Lest anyone have any illusions that Reagan’s “pressuring” Begin to back away from the dehumanized continuation of the war in Lebanon meant opposition to Israel’s invasion of Lebanon or the present attempt by Israel to saddle Lebanon with a fascist regime, it is necessary to remind them that that was precisely the U.S. position for Lebanon ever since the 1975-76 Civil War there. It isn’t Reagan who stopped Begin. What actually stopped Begin is the totality of the world opposition and the emergence of an opposition within Israel that has appeared there, for the first time ever during an ongoing war.
It is good that a peace movement has arisen in Israel demanding an end to Israel’s invasion of Lebanon at once. It is even better that some of that Left has raised the question of self-determination for Palestinians in Israel—or, rather, the part Israel occupies illegally. (Indeed, what Israel is now trying to annex is Palestine.) But that, too, will hardly solve much if, at the same time, a new banner of genuine liberation is not unfolded.
The immediate, urgent question now is: What kind of regime in Lebanon? Does anyone doubt that Begin-Sharon wanted that small-time neo-fascist, Bashir Gemayel, to become its President? What is needed is to see to it that genuine national liberation is the predominant demand and that none will stand for any colonization anywhere—be it by Britain in the Malvinas/Falklands or Israel in Lebanon and the West Bank and the Golan Heights. Let’s keep in mind that precisely because Prime Minister Margaret Thatcher thought she could revive British chauvinistic patriotism—especially when it had U.S. support and is so militarily dominant over technologically backward lands like Argentina—she thought a military victory would assure her holding onto the Falklands/Malvinas. Nothing could be further from the truth. The reason that even militaristic neo-fascist Argentina could threaten Britain with transformation of her military victory into a defeat, and Argentina’s military defeat into a victory, is the Third World’s implacable opposition to neocolonialism; it will not allow Britain to keep its war booty.
Here, too, philosophy is no abstraction. Its concretization, as politicalization, warns that whole New Left not to stop at halfway houses, not even when that manifests deep sensitivity to Third World desires for freedom unless they are willing to transform that desire into an outright revolution. I’m referring to that part of the New Left which uncritically accepts the unfinished Latin American revolutions as if that is the answer—i.e., what will destroy imperialist capitalism. There was a special issue of Contemporary Marxism (Winter, 1990), edited by s, in which Samir Amin, in an essay on Nicaragua, concluded that the primary task is “revitalization of the economy.” No one needs a reminder that the counter-revolution in Poland, headed by General Wojciech Jaruzelski, is using precisely that excuse for destroying Solidarity.
Why Being against “What Is” Is Incomplete without the Corollary, What One Is for
Because the economic and political crises wracking the capitalist-imperialist world are so horrendous—whether we look at the acknowledged, official 10% unemployment (which is not 10% but 17% in industrial centers, and fully 50% among Black youth—and which characterizes not only the U.S. but circles the world with 30 million now unemployed in the industrialized nations!), or whether we look at the many recently ongoing wars, from Iran–Iraq to the Falklands/Malvinas to Israel’s genocidal invasion of Lebanon—it is all too tempting to express oneself solely in opposition to what is, without ever specifying what one is for, so weighted down does one become by all these crises crying out for an end.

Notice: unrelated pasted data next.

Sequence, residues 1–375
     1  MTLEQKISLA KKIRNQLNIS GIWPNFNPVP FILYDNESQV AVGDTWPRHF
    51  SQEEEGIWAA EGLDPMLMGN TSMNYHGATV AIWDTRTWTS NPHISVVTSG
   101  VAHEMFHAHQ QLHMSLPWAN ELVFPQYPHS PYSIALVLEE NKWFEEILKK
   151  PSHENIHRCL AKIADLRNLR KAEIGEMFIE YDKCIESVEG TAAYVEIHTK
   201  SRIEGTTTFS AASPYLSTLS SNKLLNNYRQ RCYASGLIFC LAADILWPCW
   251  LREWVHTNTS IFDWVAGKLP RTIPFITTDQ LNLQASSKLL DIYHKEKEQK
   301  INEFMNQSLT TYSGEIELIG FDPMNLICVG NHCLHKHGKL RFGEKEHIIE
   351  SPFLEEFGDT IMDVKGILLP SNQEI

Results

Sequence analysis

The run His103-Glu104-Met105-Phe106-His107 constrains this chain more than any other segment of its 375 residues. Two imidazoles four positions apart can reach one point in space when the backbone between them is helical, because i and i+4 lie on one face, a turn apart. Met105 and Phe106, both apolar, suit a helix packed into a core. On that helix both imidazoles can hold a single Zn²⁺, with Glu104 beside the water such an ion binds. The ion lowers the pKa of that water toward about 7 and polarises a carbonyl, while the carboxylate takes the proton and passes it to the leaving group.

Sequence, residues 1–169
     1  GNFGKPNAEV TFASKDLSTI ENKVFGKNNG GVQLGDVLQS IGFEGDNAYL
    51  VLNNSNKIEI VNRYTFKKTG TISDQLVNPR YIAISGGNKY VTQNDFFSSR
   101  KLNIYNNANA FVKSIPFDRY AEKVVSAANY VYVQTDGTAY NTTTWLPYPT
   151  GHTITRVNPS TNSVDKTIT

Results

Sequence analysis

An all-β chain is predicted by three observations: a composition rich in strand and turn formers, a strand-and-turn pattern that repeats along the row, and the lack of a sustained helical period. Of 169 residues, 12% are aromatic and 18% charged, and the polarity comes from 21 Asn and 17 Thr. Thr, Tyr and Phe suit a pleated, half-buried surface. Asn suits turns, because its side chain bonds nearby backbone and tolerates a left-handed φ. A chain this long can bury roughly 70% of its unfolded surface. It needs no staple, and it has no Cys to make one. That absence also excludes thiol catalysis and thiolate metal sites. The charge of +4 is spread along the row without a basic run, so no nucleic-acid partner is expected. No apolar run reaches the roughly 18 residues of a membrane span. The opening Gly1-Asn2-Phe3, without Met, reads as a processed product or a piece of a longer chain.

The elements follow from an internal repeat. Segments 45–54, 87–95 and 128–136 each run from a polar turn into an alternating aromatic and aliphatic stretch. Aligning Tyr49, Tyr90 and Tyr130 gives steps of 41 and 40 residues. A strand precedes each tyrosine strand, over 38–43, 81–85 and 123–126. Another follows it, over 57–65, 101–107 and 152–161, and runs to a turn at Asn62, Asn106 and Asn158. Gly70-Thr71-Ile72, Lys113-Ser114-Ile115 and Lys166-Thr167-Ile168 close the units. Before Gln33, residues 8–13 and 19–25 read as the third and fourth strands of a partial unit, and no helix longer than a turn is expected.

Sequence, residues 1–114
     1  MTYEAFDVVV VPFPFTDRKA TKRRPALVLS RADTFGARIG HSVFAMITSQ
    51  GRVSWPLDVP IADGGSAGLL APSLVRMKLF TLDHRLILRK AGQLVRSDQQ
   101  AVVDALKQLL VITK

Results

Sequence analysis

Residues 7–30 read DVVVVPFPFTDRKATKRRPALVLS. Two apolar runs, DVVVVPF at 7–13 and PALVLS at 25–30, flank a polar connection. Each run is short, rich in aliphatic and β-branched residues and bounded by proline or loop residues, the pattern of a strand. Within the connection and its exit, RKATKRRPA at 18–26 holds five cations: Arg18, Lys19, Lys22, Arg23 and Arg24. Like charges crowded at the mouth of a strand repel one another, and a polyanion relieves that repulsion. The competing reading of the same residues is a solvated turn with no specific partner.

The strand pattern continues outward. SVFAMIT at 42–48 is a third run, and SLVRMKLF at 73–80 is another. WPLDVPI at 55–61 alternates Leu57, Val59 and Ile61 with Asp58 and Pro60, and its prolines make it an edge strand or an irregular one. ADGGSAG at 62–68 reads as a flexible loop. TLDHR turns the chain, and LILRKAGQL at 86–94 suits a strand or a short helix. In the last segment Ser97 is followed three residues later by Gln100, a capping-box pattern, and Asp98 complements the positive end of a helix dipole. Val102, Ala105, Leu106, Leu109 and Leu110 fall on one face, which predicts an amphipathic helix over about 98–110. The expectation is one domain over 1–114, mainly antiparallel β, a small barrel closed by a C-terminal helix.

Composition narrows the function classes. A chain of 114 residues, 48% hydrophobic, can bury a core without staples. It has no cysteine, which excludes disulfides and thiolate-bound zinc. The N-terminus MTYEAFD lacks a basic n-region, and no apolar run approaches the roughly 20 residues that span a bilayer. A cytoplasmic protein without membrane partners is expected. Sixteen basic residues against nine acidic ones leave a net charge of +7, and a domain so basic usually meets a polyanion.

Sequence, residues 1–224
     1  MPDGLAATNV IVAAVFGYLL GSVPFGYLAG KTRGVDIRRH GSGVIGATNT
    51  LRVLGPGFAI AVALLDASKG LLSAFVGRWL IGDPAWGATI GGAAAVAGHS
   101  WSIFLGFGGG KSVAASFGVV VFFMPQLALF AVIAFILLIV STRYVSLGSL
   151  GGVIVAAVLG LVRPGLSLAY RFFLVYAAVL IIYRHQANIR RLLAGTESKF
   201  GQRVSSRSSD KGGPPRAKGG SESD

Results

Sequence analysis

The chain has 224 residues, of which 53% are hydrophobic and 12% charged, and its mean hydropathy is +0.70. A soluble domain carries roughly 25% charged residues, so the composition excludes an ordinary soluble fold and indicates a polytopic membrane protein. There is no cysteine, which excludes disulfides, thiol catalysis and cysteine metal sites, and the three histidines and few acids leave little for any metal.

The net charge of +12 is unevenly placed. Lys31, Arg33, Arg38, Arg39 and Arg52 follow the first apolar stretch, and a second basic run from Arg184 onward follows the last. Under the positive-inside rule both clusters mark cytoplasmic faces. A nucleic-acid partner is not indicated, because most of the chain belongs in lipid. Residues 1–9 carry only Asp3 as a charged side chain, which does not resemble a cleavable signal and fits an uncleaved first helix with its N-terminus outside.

History, however, warns us of other critical periods which give us historic proof that mere opposition to such monstrous degeneration does not lead to new societies. On the contrary. It only assures the transformation of that type of bare opposition into one form or another of a halfway house. That is true both when we look at the failure of bourgeois democracy and when we look at fascism. Both brought on World War II. Such a victory over fascism only laid the ground for the restoration of state-capitalism—Gaullism as well as Stalinism. Indeed, state-capitalism became a universal.
As we know from World War I, even the magnificent opposition that was successful—the Russian Revolution—once it didn’t spread beyond national borders, ended in the transformation of the first workers’ state into its opposite, state-capitalism.
Today, we cannot evade asking: What Now? Is the PLO the absolute opposite of Israel, or just one more narrow nationalism? In our age, when a nuclear war threatens civilization as we have known it, we cannot, must not, accept halfway houses as the answer. Nor do I mean only outright nuclear holocaust. Rather, the immediate crises of today are both in the “Love Canals” of the world and at the point of production….4See “A Worker Looks at the Anti-Nuclear Movement” in our Pre-Convention Discussion Bulletin (excerpts to appear in News & Letters, November 1982); and my letter to the Youth in Pre-Convention Discussion Bulletin Number 4. Both are available from News and Letters Committees.
We cannot satisfy ourselves with detailing only what we are against or with enlarging atrocity stories. They